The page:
The streets are wide, the sidewalks narrow. I have seen couples our for walks in the suburbs unable to walk side-by-side on the single-file afterthought sidewalks. The parking lots are obscenely large and desolate, the parks, particularly in newer developments are pitiful token bits of green. There is no school or even space set aside for a school in many of these new developments.

I am writing this sitting at a table on the small patio at the front of my inner city house. This outdoor office/dining room is what welcomes visitors. There are trees filled with singing birds and chattering squirrels around me. Cyclists pass by in the bike lane. A car goes by now and then. People are walking side-by-side, chatting and smiling at each other on the wide sidewalks. Every house has a front facade punctuated by many windows and the front door. This is the open streetscape that is both welcoming to and engaged with the community of people who inhabit it.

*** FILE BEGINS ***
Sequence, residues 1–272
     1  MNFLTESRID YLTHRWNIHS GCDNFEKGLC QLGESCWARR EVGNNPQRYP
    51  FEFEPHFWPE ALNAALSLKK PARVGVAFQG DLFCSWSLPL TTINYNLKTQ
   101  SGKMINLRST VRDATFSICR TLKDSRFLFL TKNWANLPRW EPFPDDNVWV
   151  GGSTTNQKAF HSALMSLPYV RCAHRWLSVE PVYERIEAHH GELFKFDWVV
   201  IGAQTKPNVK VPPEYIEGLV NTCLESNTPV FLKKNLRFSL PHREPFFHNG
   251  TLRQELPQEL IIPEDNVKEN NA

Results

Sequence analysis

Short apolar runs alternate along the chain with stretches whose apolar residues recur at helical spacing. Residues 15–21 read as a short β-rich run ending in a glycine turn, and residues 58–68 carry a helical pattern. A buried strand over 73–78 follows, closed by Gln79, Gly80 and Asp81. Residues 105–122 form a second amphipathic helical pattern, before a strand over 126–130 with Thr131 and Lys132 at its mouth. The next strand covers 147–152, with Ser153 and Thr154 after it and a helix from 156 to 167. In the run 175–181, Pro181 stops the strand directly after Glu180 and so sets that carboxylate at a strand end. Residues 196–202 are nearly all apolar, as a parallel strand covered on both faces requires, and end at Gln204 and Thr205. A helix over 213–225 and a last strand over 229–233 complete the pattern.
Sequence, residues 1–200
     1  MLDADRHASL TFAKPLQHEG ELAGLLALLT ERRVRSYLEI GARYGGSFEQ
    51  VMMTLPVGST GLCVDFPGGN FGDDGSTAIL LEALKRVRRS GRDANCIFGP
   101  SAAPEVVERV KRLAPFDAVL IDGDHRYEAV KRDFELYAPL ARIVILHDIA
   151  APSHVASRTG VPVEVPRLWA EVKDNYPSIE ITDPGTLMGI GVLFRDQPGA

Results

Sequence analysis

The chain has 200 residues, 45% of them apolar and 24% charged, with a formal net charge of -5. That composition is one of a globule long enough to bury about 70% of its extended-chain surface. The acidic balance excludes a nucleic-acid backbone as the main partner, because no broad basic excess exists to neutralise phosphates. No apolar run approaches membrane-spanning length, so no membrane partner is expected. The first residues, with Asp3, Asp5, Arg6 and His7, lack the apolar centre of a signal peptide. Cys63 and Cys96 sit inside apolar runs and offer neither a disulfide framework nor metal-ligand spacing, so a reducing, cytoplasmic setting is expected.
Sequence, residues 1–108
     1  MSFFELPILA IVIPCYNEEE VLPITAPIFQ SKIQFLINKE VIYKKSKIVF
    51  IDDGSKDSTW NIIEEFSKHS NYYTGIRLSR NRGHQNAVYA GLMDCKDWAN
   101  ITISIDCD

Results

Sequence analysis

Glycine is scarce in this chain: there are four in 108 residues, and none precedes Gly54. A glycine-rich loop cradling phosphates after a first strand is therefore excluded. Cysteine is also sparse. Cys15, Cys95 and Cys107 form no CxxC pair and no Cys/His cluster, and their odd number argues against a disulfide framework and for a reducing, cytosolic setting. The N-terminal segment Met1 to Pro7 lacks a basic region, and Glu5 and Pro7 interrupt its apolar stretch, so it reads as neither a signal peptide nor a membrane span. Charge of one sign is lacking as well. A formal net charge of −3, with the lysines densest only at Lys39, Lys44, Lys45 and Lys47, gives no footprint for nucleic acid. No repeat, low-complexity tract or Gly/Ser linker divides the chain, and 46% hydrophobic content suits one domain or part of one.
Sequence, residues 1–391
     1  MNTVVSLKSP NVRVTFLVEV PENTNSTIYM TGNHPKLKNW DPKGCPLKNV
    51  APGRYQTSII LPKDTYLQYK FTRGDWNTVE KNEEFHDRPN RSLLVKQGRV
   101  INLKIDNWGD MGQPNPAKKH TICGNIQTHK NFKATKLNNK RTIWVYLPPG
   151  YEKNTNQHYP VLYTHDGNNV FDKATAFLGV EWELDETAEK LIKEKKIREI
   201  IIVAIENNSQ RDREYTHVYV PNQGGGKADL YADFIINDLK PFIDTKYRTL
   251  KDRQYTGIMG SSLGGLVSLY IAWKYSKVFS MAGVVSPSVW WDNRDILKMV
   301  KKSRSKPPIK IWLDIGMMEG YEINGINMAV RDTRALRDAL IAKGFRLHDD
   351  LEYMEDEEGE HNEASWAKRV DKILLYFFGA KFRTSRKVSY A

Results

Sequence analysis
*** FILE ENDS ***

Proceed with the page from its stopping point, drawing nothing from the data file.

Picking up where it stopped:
Later this afternoon some neighbours will be getting together in the back alley, thankful that the warm weather has finally returned. Tables and chairs will be brought out, the doors of small detached garages thrown open. More neighbours will gather to chat.

Before that get together, I may walk over to the book shop seeking a second-hand Golding novel. I could walk to anything I would normally want or need: the grocer, the baker, the butcher, live music venues, live theatre, restaurants, bars, all manner of shops and parks and schools. . . .

When I stood outside Walmart and thought of Psalm 137, I certainly didn’t feel the shattering desolation of the Israelites taken in bondage to Babylon. But I did feel very strongly that with our unthinking automobile-driven suburban sprawl, with our simple lack of foresight and human sensitivity, we have exiled far too many urban North American’s from a truly humane urban existence.

Living in a large garage with attached house a short drive – but a long walk – from a giant parking lot with a scattering of indistinguishable chain stores built of polystyrene and ticky-tacky – appropriately termed “big boxes” – and working an hour’s commute away is decidedly not a humane urban existence.

I began with a Psalm. Let’s end with a song:

What We Mean When We Say “We have bigger problems than that”